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You are here: Home / Library / RBINS Staff Publications 2022 / Frontal sinuses and human evolution

Antoine Balzeau, Lou Albessard-Ball, Anna Kubicka, Andréa Filippo, Amélie Beaudet, Elena Santos, Thibault Bienvenu, Juan-Luis Arsuaga, Antonis Bartsiokas, Lee Berger, José Castro, Michel Brunet, Kristian Carlson, Joan Daura, Vassilis Gorgoulis, Frederick Grine, Katerina Harvati, John Hawks, Andy Herries, Jean-Jacques Hublin, Jiaming Hui, Rachel Ives, Josephine Joordens, Yousuke Kaifu, Mirsini Kouloukoussa, Baptiste Léger, David Lordkipanidze, Ann Margvelashvili, Jesse Martin, María Martinón-Torres, Hila May, Aurélien Mounier, Anton Plessis, Todd Rae, Carolin Röding, Montserrat Sanz, Patrick Semal, Dominic Stratford, Chris Stringer, Mirriam Tawane, Heiko Temming, Evangelia Tsoukala, João Zilhão, Bernhard Zipfel, and Laura Buck (2022)

Frontal sinuses and human evolution

Science Advances, 8(42):eabp9767.

The frontal sinuses are cavities inside the frontal bone located at the junction between the face and the cranial vault and close to the brain. Despite a long history of study, understanding of their origin and variation through evolution is limited. This work compares most hominin species’ holotypes and other key individuals with extant hominids. It provides a unique and valuable perspective of the variation in sinuses position, shape, and dimensions based on a simple and reproducible methodology. We also observed a covariation between the size and shape of the sinuses and the underlying frontal lobes in hominin species from at least the appearance of Homo erectus. Our results additionally undermine hypotheses stating that hominin frontal sinuses were directly affected by biomechanical constraints resulting from either chewing or adaptation to climate. Last, we demonstrate their substantial potential for discussions of the evolutionary relationships between hominin species. Variation in frontal sinus shape and dimensions has high potential for phylogenetic discussion when studying human evolution.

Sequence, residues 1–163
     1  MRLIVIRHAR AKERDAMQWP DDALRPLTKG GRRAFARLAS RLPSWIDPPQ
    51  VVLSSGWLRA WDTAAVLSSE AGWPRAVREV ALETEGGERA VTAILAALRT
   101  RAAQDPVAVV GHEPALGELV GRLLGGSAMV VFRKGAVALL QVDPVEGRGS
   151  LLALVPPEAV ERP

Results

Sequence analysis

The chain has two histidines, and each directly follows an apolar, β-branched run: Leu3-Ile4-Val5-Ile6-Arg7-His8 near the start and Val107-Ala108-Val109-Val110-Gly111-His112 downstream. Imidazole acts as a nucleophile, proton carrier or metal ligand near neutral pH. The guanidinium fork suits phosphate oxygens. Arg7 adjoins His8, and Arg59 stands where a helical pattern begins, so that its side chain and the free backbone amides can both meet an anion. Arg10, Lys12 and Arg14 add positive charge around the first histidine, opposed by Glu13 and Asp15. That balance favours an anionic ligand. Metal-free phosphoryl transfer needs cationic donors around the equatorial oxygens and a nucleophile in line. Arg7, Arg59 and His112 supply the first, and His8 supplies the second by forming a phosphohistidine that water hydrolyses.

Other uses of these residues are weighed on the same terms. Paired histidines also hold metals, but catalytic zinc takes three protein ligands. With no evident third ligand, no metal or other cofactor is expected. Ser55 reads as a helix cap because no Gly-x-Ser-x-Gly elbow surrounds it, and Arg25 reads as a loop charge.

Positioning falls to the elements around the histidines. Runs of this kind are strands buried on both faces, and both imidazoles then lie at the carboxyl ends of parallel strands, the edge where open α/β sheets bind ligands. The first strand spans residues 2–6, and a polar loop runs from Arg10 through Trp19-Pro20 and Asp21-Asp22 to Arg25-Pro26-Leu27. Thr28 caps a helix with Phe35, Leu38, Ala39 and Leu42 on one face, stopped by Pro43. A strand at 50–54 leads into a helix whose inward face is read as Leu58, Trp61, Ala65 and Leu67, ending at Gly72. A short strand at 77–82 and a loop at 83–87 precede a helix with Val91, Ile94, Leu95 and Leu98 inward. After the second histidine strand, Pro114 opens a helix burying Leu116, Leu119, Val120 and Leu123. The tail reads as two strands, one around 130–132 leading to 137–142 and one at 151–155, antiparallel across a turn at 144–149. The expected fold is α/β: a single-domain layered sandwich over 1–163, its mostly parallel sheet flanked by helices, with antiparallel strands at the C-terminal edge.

RBINS Collection(s), PDF available, Open Access, Impact Factor, International Redaction Board
  • DOI: 10.1126/sciadv.abp9767